# Finite State Machine / Finite State Automation

A finite state machine or automation provides a simple model of computation, a way to reduce the complexities of a computer to its essence, in addition to its theoretical significance this can be a good way to tackle certain types of practical problem. The current state is determined by past states of the system and the inputs to the system (it has a memory). A transition indicates a state change and is described by a condition that would need to be fulfilled to enable the transition. An action is a description of an activity that is to be performed at a given moment.

#### State diagram

We could describe the machine in terms of transitions, for each combination of state and input this will determine the transition function which gives the next state: #### State transition table

Condition↓Current state -> State 1 State 2 State 3 State 4 State 5 State 6
Input red State 2 State 3 State 1 State 5 State 6 State 4
Input blue State 4 State 5 State 6 State 1 State 2 State 3

### Outputs

There are different variants, for instance,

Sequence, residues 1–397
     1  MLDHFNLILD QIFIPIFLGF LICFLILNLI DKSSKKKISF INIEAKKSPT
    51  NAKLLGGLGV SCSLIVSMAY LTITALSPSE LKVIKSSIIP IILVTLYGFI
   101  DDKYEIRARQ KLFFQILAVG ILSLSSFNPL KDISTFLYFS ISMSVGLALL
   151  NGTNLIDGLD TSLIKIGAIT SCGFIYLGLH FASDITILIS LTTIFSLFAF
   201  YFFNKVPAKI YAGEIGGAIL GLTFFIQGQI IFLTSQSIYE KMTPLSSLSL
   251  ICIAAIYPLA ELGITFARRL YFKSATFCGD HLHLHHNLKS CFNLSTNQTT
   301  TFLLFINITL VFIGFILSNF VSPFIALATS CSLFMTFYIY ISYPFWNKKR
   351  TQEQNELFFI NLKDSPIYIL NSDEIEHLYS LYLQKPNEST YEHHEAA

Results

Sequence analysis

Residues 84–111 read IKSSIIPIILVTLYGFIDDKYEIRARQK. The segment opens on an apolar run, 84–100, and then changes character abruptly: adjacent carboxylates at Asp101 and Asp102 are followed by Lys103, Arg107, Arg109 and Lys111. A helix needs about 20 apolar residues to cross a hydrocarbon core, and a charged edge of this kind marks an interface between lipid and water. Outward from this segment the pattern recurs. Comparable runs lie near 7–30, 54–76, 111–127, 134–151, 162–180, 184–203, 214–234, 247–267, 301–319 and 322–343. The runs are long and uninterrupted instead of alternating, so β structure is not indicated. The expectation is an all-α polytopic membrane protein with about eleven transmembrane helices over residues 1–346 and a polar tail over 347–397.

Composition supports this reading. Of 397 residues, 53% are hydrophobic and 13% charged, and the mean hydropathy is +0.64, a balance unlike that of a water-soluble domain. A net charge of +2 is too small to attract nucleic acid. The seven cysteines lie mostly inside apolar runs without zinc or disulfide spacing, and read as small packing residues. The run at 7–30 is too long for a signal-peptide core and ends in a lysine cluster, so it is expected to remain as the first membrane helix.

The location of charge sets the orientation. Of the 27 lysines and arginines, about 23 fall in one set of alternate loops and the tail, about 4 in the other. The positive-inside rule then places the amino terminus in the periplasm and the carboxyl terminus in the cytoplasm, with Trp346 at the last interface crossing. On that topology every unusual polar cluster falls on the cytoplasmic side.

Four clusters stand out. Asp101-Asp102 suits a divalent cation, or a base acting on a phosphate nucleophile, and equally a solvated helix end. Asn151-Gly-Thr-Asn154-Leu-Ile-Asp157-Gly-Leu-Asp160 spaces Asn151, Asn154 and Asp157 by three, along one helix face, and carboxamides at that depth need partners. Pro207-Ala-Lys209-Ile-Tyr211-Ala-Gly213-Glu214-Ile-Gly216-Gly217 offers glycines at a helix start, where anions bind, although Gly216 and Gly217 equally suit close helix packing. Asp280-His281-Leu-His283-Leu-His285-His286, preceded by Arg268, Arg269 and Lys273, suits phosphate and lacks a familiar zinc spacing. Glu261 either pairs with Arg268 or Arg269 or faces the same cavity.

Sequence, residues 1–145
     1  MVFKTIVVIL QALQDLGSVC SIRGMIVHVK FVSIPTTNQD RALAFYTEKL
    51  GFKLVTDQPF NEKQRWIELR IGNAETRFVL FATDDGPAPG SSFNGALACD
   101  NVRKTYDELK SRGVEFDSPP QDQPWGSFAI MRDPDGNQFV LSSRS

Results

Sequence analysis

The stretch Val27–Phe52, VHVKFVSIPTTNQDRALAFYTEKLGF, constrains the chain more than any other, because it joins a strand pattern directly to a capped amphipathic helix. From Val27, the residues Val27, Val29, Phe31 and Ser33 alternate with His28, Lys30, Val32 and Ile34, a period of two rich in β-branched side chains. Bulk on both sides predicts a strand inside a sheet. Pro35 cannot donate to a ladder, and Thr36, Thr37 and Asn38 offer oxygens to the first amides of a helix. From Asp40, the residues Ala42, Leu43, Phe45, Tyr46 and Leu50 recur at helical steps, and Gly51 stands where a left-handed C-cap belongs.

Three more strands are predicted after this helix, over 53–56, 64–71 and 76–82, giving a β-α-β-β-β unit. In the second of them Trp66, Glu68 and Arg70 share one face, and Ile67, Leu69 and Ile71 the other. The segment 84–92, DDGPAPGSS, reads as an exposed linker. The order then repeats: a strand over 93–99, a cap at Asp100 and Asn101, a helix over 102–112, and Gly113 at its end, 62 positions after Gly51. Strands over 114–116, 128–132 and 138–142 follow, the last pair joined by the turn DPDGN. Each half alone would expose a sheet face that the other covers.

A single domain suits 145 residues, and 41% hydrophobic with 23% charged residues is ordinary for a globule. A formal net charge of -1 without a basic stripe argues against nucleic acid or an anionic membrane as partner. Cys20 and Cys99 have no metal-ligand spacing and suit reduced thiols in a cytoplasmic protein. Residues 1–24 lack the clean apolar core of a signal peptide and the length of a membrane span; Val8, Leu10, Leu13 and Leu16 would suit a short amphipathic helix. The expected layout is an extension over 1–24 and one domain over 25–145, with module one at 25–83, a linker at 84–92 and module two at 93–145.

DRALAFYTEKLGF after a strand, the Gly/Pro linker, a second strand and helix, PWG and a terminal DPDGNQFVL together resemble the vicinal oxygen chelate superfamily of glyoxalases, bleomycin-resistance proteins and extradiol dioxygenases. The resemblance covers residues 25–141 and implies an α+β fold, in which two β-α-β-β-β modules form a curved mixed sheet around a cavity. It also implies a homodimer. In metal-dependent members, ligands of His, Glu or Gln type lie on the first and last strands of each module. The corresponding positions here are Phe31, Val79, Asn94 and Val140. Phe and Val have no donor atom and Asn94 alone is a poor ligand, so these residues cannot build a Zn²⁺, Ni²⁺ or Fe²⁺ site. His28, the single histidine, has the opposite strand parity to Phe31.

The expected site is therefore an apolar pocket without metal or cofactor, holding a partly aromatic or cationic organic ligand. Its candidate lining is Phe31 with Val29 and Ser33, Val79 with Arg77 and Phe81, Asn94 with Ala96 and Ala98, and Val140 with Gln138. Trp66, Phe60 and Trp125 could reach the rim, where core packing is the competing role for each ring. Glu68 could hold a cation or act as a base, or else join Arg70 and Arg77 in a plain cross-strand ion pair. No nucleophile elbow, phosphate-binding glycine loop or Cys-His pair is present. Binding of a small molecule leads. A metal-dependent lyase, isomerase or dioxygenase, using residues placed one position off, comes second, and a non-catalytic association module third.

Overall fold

• Moore machine - machines having actions (outputs) associated with states.
• Mealy machine - machines having actions (outputs) associated with transitions.

### Mathematical Model

In its essence the model consists of (Σ,S,s0,δ), where:

• Σ is the input alphabet (a finite, non-empty set of symbols).
• S is a finite, non-empty set of states.
• s0 is an initial state, an element of S.
• δ is the state-transition function: δ: S × Σ -> S (in a nondeterministic finite state machine it would be δ: S × Σ -> (S1,S2,S3,S4) i.e., δ would return a set of states).

In some circumstances (for instance Mealy machine) we may need to add:

• F - the set of final states (subset of S) states, if any that result in the machine stopping.
• Γ - the output alphabet (a finite, non-empty set of symbols).
• ω - the output function - a mapping from the states to output.